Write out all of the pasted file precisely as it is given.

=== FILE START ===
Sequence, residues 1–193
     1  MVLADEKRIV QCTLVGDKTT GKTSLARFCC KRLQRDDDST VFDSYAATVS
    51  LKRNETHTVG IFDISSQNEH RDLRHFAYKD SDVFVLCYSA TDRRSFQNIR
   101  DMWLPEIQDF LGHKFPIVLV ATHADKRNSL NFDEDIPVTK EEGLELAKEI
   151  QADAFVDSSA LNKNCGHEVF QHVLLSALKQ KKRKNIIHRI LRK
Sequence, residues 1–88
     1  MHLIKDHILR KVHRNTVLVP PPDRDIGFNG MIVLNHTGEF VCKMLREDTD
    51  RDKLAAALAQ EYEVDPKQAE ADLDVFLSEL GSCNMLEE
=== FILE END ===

Sequence, residues 1–193
     1  MVLADEKRIV QCTLVGDKTT GKTSLARFCC KRLQRDDDST VFDSYAATVS
    51  LKRNETHTVG IFDISSQNEH RDLRHFAYKD SDVFVLCYSA TDRRSFQNIR
   101  DMWLPEIQDF LGHKFPIVLV ATHADKRNSL NFDEDIPVTK EEGLELAKEI
   151  QADAFVDSSA LNKNCGHEVF QHVLLSALKQ KKRKNIIHRI LRK
Sequence, residues 1–88
     1  MHLIKDHILR KVHRNTVLVP PPDRDIGFNG MIVLNHTGEF VCKMLREDTD
    51  RDKLAAALAQ EYEVDPKQAE ADLDVFLSEL GSCNMLEE